Scholarships good, even if views wrong

By Eric Krol

The oxymoron of the week was tentatively scheduled to be “military intelligence,” but that’s become somewhat of a cliche.

Which leads us to the real oxymoron of week. While driving towards Springfield, I heard two words that truly don’t belong together. In other words, the oxymoron of the week—”new cliche.”

Speaking of military intelligence, Little Jim (Edgar, that is) recently vetoed the bill which would have barred campuses from giving ROTC the boot.

This is a tough one to call.

First of all, who knows the real reason Edgar nixed the bill? Obviously, some sort of political machination came into play.

After all, the legislator who sponsored the bill is a Republican. The bill passed with a wide majority. But one stroke of a pen and it’s become a political hot potato. And will NIU get a bad rep in Springfield?

Even Senator Welch voted for the bill and predicts the veto will be overridden. I certainly wouldn’t have expected a liberal like Welch to vote for the bill, but it turns out he was a former ROTC guy himself. Hmmmm …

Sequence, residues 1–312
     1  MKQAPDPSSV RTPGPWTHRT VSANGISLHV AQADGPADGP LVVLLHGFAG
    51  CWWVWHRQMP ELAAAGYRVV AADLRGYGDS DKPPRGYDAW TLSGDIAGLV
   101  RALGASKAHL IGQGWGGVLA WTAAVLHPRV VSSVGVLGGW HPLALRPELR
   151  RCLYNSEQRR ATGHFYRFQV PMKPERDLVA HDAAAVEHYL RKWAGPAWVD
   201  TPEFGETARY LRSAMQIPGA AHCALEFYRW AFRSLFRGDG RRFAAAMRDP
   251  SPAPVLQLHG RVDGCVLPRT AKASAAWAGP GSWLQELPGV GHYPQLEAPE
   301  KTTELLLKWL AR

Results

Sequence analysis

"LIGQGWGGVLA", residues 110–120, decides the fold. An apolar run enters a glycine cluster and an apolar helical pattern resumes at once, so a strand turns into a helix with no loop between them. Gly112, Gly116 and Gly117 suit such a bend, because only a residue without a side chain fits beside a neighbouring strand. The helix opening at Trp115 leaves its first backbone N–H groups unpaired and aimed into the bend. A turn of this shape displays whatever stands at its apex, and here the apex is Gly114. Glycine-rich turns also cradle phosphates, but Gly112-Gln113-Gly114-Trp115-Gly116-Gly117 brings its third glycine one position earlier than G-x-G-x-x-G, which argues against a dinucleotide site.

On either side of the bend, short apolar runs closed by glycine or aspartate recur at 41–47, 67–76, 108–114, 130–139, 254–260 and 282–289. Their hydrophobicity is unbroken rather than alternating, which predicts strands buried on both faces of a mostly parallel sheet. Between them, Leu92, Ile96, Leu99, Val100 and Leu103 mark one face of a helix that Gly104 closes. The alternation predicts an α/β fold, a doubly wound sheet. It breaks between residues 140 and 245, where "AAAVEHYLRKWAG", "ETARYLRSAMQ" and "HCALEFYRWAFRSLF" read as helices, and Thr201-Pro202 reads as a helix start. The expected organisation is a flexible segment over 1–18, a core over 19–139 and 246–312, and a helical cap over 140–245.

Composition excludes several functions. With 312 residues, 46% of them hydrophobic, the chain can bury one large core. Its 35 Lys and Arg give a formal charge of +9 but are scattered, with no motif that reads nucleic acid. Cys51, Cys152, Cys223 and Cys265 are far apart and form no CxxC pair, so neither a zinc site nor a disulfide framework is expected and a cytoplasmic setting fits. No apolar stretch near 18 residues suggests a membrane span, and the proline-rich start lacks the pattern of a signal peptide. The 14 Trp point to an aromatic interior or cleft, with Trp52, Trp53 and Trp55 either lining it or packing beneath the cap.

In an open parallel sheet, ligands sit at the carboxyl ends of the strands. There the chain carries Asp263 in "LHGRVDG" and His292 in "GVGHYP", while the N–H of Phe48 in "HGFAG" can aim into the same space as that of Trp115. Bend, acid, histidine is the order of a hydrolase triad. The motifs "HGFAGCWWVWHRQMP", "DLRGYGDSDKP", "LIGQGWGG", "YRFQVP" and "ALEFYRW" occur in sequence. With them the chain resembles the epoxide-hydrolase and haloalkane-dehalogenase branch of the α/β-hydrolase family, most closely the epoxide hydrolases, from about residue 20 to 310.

But in the grand scheme of things, it really doesn’t matter what Edgar’s motivation was. He did the wrong thing, regardless of his motivation.

Yes, the Defense Department consists of a bunch of homophobes whose ridiculous fear of allowing gays into the military has no place in this alleged modern century.

Yes, their justification that gays would disrupt troops during combat should not apply to ROTC. The chances of NIU ROTC people ever seeing combat are very remote, especially when one considers that the primary threat, the Warsaw Pact nations, have disbanded.

Oops, I forgot we just had to take “police action” against a third-world tyrant to help “liberate” Kuwaitis. Seeing as the American public is dumb enough to buy all of Bush’s patriotic rubric, maybe these people will have to see action.

But the bottom line is—ROTC provides a lot of scholarship help for many students who otherwise would not be able to attend college.

So after weighing both sides, which is the greater good?

In other words, is it better that some students lose the opportunity to go to school just because a smaller group of students don’t have the same opportunity?

Let’s face it, in these stagnant economic times, education funding will be cut before other areas are chopped. Scholarship money has not exactly been flowing from Capitol Hill lately.

Should we really take away money from some needy students just because a few others aren’t permitted to join? Should we cut off our nose to spite our face?

One of the most basic human rights in this country is the right to an education. Let’s not violate this right by banning a program that provides money for students to attend college.

Instead, maybe there’s still time to find a way to let homosexuals join this program and receive the scholarship benefits. Okay, so that’s pretty naive but it is the right thing to do.